Each year, roadway crashes account for $212 billion in damages, including deaths, non-fatal but disabling injuries, hospitalizations and property damage.
If advanced driver assistance systems (ADAS) achieve anticipated adoption rates, up to 90% of vehicle collisions could be avoided, saving up to $190 billion each year in the U.S. alone, according to a new study.
For example, 2.5 million Americans each year go to a hospital emergency department for crash injuries at an average cost of $3,300 -- and nearly 200,000 of those people are hospitalized. Hospitalizations for crash-related injuries over a person's lifetime cost, on average, $57,000.
The study from McKinsey & Company said ADAS, or autonomous vehicles, could also improve traffic flow and free up time spent in the car for other activities.
What other activities? Why, surfing the Internet, of course.
On average, 1.2 billion people spend 50 minutes driving in the car per day. Commuters around the world waste time in traffic jams, with the average commuter in large urban areas in the U.S. spending 52 hours per year stuck in traffic.
"This could potentially generate global digital media revenues of [$5.6 billion] for every additional minute people spend on the mobile Internet while in the car," the report said. In total, that adds up to about $140 billion per year in new revenue, even if only half of the 50 minutes is spent online.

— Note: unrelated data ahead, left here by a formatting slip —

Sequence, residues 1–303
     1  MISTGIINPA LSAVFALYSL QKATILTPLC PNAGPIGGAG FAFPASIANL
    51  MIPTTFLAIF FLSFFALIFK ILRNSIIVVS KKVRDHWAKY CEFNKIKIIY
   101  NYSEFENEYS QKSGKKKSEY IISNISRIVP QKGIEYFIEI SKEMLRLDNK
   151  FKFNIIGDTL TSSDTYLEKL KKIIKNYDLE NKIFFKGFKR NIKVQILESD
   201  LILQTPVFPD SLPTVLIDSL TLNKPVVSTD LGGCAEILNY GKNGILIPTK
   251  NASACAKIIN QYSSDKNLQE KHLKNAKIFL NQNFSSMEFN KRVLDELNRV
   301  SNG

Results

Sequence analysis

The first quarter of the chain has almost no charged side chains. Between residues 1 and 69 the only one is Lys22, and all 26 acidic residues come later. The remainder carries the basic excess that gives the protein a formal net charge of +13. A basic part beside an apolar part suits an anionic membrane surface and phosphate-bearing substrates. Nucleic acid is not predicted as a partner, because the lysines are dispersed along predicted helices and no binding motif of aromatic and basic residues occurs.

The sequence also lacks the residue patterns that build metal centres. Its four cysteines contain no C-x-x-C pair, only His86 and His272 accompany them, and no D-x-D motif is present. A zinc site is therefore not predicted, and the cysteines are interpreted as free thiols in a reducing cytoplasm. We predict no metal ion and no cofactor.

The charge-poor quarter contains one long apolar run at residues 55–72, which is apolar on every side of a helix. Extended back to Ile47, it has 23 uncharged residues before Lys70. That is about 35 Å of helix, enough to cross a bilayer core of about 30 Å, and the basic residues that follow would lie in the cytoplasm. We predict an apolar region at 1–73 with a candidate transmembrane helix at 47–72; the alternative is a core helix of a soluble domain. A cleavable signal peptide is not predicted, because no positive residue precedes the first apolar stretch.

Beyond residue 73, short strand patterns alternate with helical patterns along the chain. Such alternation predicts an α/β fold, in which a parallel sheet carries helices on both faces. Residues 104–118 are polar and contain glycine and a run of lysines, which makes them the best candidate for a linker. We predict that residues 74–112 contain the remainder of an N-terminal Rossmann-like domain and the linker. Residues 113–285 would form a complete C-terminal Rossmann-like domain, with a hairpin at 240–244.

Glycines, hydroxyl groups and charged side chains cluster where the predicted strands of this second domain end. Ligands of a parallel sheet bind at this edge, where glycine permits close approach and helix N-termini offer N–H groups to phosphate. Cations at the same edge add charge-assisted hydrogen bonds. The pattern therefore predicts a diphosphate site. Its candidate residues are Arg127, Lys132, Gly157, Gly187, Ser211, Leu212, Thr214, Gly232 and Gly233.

Parking space would also see an increase with self-driving cars, as up to 15% of the parking width could be saved in ADAS dedicated parking, the study said. People would simply exit a car, and it would go park itself without needing the additional space for driver and passengers to get out.
The McKinsey study also predicted that vehicle manufacturers will be forced to take a clear strategic stance on autonomous vehicle introductions, as pressure from non-traditional carmakers continues to mount.
Most major carmakers have already announced plans for fully-autonomous vehicles. For example, Ford this year opened an autonomous vehicle R&D center.
Google already has prototypes on California roadways.